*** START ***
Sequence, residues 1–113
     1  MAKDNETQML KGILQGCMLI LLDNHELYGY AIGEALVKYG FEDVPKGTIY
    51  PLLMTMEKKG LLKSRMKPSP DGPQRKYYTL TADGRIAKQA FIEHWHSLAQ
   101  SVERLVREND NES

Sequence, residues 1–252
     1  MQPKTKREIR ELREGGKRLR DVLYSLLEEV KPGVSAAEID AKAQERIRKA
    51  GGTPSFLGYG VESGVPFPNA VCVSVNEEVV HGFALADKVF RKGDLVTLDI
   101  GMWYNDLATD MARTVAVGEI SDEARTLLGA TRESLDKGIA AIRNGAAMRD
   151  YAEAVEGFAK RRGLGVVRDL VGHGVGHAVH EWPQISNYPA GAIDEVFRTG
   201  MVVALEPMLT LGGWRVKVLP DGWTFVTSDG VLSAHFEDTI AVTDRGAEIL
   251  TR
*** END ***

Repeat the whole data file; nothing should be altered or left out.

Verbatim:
Sequence, residues 1–113
     1  MAKDNETQML KGILQGCMLI LLDNHELYGY AIGEALVKYG FEDVPKGTIY
    51  PLLMTMEKKG LLKSRMKPSP DGPQRKYYTL TADGRIAKQA FIEHWHSLAQ
   101  SVERLVREND NES

Sequence, residues 1–252
     1  MQPKTKREIR ELREGGKRLR DVLYSLLEEV KPGVSAAEID AKAQERIRKA
    51  GGTPSFLGYG VESGVPFPNA VCVSVNEEVV HGFALADKVF RKGDLVTLDI
   101  GMWYNDLATD MARTVAVGEI SDEARTLLGA TRESLDKGIA AIRNGAAMRD
   151  YAEAVEGFAK RRGLGVVRDL VGHGVGHAVH EWPQISNYPA GAIDEVFRTG
   201  MVVALEPMLT LGGWRVKVLP DGWTFVTSDG VLSAHFEDTI AVTDRGAEIL
   251  TR